Saturday, 12 September 2009

Twist of fate

About 2-3 years ago, my relative, a cousin in her 40s, met with a serious car accident and was battling with her life. She was returning home after sending her 3-year-old son to kindergarten one morning and she was hit on the head by a truck at a road junction while crossing the road.  She was in coma for a few weeks and the doctor said the road to recovery would be an arduous one.  She went through numerous operations. Many family members, relatives, and friends prayed for her. I too prayed for her even though she belonged to another faith. It took a few weeks before she woke up and almost a year before she was slightly better.

In a way, she never really did recovered totally, because the injury was on the head, so everything went haywire. When she finally could recognise her loved ones, she could not talk or express herself properly. She could not control her bladder and emotions because her nerves were affected. She was once a very pleasant, cheerful and caring girl who was always full of smiles for everyone. Now she sometimes throw tantrums and cannot control her emotions. She was on the wheelchair most of the time. She had become totally 2 different persons, past and present.

Three sad outcomes resulted from this tragedy:

1. Her by now 6-year-old son is as good as having no mother, because at times, she cannot remember who he is. Or even when she does, sometimes when he goes to hug her, she will push him away. Having her nerves affected, she is more temperamental and particularly squeamish whenever someone touches her. Poor boy.

2. Some relatives (including myself) have bumped into her husband outside a few times over the past 2-3 years, and he was always with a different lady each time. I do not know who those ladies were, but it was kind of sad that things have turned out this way for his extremely nice wife. But then again, if her condition remains status quo forever, could we really blame her husband for finding a new companion? He did, after all, engaged a nurse and maid to look after his wife and did not abandon her, yet.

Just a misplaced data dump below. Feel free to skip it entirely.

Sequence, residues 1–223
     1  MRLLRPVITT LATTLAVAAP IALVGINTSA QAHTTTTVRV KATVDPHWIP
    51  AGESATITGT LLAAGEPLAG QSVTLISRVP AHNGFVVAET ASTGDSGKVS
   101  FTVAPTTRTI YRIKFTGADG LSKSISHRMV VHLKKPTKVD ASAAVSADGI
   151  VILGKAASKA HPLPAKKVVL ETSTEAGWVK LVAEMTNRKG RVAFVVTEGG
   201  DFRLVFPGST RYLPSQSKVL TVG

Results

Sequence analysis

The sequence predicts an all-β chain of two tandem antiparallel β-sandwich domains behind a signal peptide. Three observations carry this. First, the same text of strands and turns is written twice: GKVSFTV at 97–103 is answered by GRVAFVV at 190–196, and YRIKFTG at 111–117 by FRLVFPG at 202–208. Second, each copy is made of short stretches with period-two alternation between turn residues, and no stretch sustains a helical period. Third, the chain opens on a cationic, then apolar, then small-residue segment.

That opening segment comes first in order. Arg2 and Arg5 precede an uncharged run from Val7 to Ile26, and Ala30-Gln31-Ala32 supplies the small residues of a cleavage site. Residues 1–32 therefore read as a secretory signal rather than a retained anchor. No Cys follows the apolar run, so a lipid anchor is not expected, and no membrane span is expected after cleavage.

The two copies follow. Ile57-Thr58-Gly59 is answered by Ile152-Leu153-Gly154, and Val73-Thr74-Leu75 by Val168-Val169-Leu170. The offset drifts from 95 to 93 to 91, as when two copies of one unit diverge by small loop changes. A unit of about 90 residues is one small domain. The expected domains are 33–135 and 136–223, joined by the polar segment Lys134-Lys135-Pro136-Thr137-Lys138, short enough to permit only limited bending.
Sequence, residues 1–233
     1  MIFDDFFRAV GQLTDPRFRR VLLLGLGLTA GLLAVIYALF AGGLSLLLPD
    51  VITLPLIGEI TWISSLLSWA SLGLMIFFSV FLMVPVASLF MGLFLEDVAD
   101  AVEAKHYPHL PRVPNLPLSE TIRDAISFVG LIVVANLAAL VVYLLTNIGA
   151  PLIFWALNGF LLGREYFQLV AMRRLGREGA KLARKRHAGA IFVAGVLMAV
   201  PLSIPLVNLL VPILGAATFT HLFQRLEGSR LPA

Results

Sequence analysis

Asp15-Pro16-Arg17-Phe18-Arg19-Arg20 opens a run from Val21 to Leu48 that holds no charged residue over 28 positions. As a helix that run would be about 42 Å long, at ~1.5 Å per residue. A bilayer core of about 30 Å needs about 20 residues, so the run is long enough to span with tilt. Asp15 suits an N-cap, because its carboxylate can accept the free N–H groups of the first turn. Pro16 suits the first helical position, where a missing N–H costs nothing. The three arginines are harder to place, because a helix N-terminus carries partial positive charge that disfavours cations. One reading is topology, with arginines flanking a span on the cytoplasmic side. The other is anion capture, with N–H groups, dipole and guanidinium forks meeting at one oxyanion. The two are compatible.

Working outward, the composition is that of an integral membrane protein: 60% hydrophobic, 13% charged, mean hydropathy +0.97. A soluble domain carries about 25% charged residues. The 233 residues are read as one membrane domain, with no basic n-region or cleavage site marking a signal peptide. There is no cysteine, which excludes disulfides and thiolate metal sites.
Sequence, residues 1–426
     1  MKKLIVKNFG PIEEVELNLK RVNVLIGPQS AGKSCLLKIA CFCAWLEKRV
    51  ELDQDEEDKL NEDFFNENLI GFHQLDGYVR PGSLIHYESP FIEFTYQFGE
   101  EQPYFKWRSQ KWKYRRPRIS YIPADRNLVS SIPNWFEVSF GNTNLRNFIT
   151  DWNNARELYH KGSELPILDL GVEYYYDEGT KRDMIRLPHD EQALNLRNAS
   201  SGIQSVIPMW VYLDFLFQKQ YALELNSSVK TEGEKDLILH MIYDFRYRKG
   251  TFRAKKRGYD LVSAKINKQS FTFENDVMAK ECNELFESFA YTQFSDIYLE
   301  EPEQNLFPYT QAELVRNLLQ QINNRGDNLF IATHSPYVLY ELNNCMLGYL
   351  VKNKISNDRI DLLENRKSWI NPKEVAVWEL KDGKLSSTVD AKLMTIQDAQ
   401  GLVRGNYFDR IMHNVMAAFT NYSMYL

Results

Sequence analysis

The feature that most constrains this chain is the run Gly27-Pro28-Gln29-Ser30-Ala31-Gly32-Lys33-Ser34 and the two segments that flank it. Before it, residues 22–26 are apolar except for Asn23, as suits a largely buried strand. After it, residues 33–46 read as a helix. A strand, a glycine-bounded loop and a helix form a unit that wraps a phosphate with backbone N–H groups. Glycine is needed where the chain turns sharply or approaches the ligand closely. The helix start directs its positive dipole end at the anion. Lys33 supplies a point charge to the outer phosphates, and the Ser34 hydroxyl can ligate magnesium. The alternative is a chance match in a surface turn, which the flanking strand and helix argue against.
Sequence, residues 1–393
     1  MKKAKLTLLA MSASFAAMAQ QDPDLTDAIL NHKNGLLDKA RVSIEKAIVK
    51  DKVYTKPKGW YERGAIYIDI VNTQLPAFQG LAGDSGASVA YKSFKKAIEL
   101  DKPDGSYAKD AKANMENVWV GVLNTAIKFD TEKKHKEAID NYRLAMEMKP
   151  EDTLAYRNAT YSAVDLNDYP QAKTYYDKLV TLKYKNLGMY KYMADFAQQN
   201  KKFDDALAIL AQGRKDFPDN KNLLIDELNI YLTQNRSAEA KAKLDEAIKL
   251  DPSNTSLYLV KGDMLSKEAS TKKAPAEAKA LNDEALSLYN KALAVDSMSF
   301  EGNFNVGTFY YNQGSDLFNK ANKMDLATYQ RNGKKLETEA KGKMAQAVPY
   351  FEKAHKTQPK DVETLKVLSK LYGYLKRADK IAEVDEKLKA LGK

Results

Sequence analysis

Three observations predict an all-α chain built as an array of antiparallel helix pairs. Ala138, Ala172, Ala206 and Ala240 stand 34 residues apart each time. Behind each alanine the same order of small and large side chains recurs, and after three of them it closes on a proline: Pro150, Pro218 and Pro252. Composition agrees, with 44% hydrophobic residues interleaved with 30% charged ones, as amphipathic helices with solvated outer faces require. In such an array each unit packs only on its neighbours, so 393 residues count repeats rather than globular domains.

3. Her elderly 80-year-old mom has been "coerced" into accepting another religion. This aunt was a very pious Buddhist who has taken refuge and often seen in temples praying. After this tragedy, her daughter's friends and one of the siblings who are of another religion, came in throngs to pray for her comatosed daughter, and at the same time, tried to convert the mother. Her mother doted on this youngest daughter the most, as she was always filial, looked after her mother and gave her pocket money often. The mother, after much exasperation, said that if her daughter could wake up again, she would convert. Her daughter did wake up but was not normal again. And her mother had to "keep her promise" to convert. Was the old lady in a way being forced into committing a "sin" from the Buddhist point of view?

This relative is alive yet she is considered as good as not being alive in this circumstance. If you have been in her shoes, would you have preferred to have died in the first place?

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